The last one we’ll review quickly is binge eating disorder, which used to be called compulsive overeating. They’ll have significant binging episodes without any purging - they’ll eat super fast, eat until they are uncomfortably full, or even eat when they aren’t hungry at all. They may even begin to eat meals alone or in their car because they’re ashamed to let people see how much they’re eating. I’ve even heard a patient talk about ordering an extra drink in the drive through so they wouldn’t think it was all for her. It is common for this binge eating to be a coping mechanism or triggered by emotions - good and bad ones. Again, these clients will feel helpless to stop. Of course, the most significant complication would be obesity and everything that comes along with it - but not everyone with binge eating disorder will be overweight and not everyone who is overweight has binge eating disorder - remember there is an underlying psychological pathology here that distorts their thinking about food.

So the #1 priority for any of these clients is to make sure they’re stable medically - fluid & electrolyte replacement, evaluate for arrhythmias, etc. If they aren’t medically stable, nothing else we do will matter. From there, we will be sure to do a self-harm assessment - remember their self-image is distorted. We want to establish rapport and trust because there is a lot of fear and anxiety involved. We help them identify their feelings and triggers as well. Also, we want to manage their expectations. We make sure they know the plan - how much and how often will we require them to eat? How often will they be weighed? How do weigh-ins work? Those are all things they need to know to be emotionally prepared - again the idea of eating or stepping on a scale may elicit serious anxiety. And of course we want to involve the support system if appropriate - but sometimes the family can be one of their triggers, so make sure you’re evaluating the big picture there.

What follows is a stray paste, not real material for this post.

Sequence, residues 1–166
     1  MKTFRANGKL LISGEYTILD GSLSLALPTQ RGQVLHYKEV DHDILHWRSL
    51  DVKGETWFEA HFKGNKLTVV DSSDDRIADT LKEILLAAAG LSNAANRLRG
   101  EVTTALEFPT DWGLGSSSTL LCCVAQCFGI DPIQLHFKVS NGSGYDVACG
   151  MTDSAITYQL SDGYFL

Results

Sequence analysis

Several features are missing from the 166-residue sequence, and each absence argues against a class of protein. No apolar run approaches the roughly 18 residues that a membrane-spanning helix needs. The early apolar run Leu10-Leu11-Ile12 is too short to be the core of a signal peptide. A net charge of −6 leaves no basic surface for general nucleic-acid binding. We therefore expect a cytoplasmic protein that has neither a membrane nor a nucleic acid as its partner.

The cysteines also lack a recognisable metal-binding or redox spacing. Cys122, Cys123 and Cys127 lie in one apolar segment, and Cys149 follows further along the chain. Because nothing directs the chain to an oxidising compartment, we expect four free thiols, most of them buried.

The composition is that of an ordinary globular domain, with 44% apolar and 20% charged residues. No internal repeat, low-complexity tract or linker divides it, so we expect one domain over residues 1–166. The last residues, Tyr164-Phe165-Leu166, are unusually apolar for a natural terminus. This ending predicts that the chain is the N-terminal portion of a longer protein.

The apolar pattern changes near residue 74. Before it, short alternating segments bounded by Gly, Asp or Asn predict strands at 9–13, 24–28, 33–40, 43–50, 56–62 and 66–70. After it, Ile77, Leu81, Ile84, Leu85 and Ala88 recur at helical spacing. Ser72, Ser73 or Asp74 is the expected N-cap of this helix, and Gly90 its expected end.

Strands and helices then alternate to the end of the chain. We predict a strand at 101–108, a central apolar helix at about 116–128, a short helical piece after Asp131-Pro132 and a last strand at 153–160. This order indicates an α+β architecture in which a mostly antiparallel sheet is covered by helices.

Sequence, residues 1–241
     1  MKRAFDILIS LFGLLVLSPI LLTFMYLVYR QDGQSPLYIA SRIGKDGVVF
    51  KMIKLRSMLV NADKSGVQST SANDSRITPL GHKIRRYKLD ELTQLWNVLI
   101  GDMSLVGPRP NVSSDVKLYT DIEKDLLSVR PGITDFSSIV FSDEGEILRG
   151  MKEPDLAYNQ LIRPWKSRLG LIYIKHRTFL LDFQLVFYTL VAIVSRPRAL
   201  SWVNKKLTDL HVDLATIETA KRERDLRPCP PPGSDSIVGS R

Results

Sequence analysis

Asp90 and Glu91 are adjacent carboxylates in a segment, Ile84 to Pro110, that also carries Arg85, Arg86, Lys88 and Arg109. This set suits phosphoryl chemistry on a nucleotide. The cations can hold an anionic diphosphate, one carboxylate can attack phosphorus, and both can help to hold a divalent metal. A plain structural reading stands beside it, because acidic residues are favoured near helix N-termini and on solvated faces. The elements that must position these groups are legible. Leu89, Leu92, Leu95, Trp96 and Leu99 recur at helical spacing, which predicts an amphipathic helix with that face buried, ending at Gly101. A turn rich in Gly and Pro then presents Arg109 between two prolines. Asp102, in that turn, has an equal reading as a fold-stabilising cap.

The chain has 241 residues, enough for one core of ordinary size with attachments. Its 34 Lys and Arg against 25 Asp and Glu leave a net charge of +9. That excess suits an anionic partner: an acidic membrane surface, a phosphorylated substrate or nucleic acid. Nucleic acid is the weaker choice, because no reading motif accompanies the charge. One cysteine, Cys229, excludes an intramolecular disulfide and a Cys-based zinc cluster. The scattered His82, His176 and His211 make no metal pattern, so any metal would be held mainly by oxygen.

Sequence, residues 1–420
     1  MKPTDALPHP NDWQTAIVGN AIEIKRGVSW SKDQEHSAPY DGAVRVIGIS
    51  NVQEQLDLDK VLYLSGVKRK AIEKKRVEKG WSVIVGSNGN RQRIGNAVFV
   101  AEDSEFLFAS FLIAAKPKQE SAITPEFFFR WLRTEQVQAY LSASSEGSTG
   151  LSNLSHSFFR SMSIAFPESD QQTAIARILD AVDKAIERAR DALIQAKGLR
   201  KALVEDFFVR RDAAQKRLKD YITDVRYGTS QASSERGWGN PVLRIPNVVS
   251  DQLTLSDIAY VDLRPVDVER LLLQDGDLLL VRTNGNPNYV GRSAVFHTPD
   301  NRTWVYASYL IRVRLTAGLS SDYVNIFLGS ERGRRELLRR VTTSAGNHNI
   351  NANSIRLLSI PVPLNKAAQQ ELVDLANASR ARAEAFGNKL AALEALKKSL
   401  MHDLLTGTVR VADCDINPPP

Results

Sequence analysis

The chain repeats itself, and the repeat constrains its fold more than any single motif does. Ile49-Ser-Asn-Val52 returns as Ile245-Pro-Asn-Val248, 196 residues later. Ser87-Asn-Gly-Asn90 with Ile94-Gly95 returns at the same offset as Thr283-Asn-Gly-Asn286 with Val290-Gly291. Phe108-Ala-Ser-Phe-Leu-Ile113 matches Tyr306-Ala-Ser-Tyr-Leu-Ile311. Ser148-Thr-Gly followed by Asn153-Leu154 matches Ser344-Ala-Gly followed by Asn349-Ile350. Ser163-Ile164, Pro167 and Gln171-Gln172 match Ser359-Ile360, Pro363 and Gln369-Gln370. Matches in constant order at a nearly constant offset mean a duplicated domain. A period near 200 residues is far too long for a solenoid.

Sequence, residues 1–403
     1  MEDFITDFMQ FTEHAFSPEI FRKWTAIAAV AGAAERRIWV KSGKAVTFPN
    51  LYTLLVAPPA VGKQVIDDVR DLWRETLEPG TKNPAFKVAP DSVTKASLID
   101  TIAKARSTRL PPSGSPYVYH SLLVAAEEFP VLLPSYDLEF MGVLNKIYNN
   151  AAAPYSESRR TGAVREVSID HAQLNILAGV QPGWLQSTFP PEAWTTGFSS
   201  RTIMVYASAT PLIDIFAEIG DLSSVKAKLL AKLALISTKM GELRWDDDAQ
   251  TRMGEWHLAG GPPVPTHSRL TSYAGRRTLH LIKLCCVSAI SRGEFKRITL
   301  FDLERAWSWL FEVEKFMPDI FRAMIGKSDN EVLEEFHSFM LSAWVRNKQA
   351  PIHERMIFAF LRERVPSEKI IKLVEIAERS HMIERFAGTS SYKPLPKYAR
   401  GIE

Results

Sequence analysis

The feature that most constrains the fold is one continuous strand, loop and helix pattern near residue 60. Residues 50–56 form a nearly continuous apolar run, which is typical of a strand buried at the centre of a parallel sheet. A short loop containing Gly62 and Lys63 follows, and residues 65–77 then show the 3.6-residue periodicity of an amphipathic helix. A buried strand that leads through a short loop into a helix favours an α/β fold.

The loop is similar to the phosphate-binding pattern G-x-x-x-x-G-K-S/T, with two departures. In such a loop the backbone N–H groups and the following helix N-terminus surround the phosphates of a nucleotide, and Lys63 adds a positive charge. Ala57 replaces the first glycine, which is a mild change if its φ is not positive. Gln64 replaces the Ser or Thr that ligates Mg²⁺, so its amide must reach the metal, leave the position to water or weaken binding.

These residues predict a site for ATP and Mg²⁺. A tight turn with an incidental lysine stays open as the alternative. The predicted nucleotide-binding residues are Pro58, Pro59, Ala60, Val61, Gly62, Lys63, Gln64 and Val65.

Top priority nursing concepts for a client with an eating disorder - of course nutrition and making sure they’re getting the right amount. Fluid & Electrolyte balance to prevent any serious complications like arrhythmias. And coping, the emotions are deep and need to be addressed.

So remember that these conditions involve disordered, abnormal eating habits that affect the person’s health. The 3 types we talked about are Anorexia, Bulimia, and Binge-Eating Disorder. Remember to address their emotions, validate their feelings, identify triggers and establish a good rapport. We also want to manage their expectations, set small goals, talk about the routine, and involve the support system if it’s appropriate. And, as always, safety first - stabilize them medically first before addressing the underlying emotions, and always do a self-harm assessment.

That’s it for eating disorders, make sure you check out all of the resources attached to this lesson, including the patient story. Now, go out and be your best self today - Happy nursing!